The Court issued another 5-4 decision in Empire Healthchoice Assurance, Inc. v. McVeigh (05-200), this time led by Justice Ginsburg. McVeigh is not quite as juicy as Hudson, and the Court's split is not as "predictable." The case concerns whether the Federal Employees Health Benefits Act, which allows the federal government to contract with private health carriers, confers federal-question jurisdiction over plan reimbursement claims when a covered employees win damages in state court for injuries treated under their plans. The answer: No. McVeigh's estate settled a wrongful death action in New York state court for about $3 million, and the health plan sued in federal court to recover about $160,000 it had paid toward his medical care. Although FEHBA did not expressly create a federal cause of action for reimbursement, the carrier and the United States as amicus argued that there was federal jurisdiction because Congress intended all rights stemming from FEHBA health contracts to be "federal in nature." The Court (the Chief, Stevens, Scalia and Thomas joined Ginsburg) was not persuaded. There were federal interests at stake – federal funds pay for the health plans, which cover federal employees – but any right to reimbursement was created not in FEHBA but in the carrier's individual plan contract, and contract interpretation is a typical state-law question. While FEHBA expressly provides that the terms of federal health plans preempt any state laws on health benefits, the Court declined to interpret that "unusual" provision broadly – if Congress intended to displace state law altogether and confer federal jurisdiction, "it may be expected to make that atypical intention clear." The Court also rejected the government's argument that federal law was a "necessary element" of the carrier's claim: The reimbursement claim was not triggered by a federal agency but by the settlement of a state-court lawsuit, and it depended not on a legal issue but on facts regarding the payment for health services.
The dissenters, again led by Justice Breyer, were an interesting mix (also included: Kennedy, Souter, and Alito) that argued that the reimbursement claim arose under federal common law. The right to reimbursement may be a creature of contract, but it is a contract written by a federal agency pursuant to a federal statute creating benefits for federal employees, and any funds recovered ultimately go to the U.S. treasury. The dissenters also pointed to the Court's 1943 decision in Clearfield Trust Co. v. United States Court, which recognized that federal contracts are governed exclusively by federal law. Congress' failure to spell out jurisdiction over these suits thus may reflect an oversight or its belief that doing so was unnecessary. Finally, the dissenters noted the need for uniformity regarding federal health plans, which argued against allowing different states' laws to govern reimbursement actions. (In response, the majority noted that post-Clearfield decisions and "enlightened commentary" had made clear that uniform federal law need not apply in all federal government litigation; unless there was a significant conflict between state law and the federal interest, there was no reason to dislodge state law or vest jurisdiction in federal courts.)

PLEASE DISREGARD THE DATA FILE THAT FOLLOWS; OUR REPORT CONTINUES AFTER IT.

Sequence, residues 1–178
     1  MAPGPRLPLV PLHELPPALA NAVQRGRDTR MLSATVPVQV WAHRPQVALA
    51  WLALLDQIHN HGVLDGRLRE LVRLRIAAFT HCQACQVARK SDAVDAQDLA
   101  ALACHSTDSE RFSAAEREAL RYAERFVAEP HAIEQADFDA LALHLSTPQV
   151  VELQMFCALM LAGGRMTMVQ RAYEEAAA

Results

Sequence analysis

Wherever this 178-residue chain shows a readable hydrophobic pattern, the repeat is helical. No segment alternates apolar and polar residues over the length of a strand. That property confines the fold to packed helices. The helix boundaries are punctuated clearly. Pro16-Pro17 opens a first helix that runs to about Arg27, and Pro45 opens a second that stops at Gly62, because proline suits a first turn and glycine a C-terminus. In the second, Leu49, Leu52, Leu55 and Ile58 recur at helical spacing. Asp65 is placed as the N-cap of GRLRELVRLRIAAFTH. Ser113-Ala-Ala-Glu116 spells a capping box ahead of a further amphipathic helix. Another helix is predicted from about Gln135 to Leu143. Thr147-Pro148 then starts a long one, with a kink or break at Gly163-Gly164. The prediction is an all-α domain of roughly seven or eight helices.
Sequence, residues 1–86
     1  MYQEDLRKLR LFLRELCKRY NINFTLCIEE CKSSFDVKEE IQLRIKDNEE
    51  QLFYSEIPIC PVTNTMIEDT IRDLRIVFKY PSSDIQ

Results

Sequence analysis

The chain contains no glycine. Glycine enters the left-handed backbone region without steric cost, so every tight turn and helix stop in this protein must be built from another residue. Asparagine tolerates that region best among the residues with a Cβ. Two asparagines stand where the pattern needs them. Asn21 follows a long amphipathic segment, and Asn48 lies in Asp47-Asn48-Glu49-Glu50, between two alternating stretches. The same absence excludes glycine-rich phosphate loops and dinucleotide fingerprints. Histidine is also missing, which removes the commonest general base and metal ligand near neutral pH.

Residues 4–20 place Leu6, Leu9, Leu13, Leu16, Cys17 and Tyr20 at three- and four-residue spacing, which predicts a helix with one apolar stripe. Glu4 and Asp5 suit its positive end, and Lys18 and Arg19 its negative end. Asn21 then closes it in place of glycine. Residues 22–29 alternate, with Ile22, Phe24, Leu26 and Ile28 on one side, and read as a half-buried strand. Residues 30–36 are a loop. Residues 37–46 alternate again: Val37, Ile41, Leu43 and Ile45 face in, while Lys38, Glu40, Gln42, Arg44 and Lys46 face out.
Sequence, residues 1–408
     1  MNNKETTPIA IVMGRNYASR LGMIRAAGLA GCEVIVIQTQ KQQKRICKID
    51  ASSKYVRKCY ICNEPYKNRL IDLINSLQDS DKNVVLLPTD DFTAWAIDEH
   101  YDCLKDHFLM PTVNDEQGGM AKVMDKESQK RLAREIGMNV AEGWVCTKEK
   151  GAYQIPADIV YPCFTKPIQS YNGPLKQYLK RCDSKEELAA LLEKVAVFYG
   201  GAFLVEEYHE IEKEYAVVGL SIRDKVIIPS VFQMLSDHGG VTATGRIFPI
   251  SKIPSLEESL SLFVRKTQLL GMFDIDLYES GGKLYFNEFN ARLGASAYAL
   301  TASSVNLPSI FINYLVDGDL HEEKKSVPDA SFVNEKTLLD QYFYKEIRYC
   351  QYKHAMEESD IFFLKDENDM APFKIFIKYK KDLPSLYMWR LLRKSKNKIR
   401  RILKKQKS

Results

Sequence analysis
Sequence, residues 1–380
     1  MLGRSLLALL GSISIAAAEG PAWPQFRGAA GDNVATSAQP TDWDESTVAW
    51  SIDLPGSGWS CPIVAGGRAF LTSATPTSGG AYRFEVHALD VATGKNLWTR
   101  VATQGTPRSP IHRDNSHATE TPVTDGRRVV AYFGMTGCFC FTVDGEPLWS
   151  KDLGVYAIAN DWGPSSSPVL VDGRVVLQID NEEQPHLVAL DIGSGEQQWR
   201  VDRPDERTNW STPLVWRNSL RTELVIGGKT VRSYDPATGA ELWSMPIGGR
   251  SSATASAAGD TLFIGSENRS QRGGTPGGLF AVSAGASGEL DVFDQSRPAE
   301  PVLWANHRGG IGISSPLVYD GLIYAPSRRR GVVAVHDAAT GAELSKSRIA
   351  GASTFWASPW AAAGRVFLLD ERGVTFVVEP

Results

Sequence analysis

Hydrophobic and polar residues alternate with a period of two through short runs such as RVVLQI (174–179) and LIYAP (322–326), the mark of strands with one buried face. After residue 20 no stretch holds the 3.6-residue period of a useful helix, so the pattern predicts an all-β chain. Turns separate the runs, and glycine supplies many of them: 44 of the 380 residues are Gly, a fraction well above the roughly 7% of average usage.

In Howard Delivery Service, Inc. v. Zurich American Insurance Co. (05-125), (a case of interest to all the bankruptcy lawyers out there) the Court held that an insurance carrier's claim for unpaid worker's comp premiums owed by an employer is not entitled to priority treatment as a "contribution[] to an employee benefit plan" under Section 507(a)(5) of the Bankruptcy Code. The majority, led by Justice Ginsburg and another unusual grouping of the Chief, Stevens, Scalia, Thomas and Breyer, admitted that it was a close statutory question, but concluded that worker's comp premiums are more like liability insurance premiums than other fringe benefits– such as pension plans and group health, life and disability insurance – which clearly constitute employee benefit plans under the Bankruptcy Code. Unlike those benefits, which operate as a substitute for wages to the employee, worker's comp insurance usually is required by state law and is a compromise that benefits both the employee and the employer – accepting a fixed and secure recovery for work-related injuries in lieu of the uncertain but potentially larger recoveries available via the traditional tort system. The unusual nature of worker's comp, coupled with the principle that preference provisions should be strictly construed since bankruptcy law ordinarily favors equal distributions among creditors, supports a finding that worker's comp does not fall under Section 507(a)(5). Otherwise, other employee benefits (that clearly fall within the Section) might receive lesser distributions because the available funds would be spread to cover worker's comp claims as well as pension and other 507(a)(5) claims. Finally, the fact that ERISA defines employee benefit plans as encompassing worker's comp is not dispositive because the Bankruptcy Code does not refer or incorporate this definition, there's no reason to believe that Congress adopted Section 507(a)(5) with the ERISA definition in mind, and because ERISA itself exempts worker's comp plans required by law – thus sending mixed signals.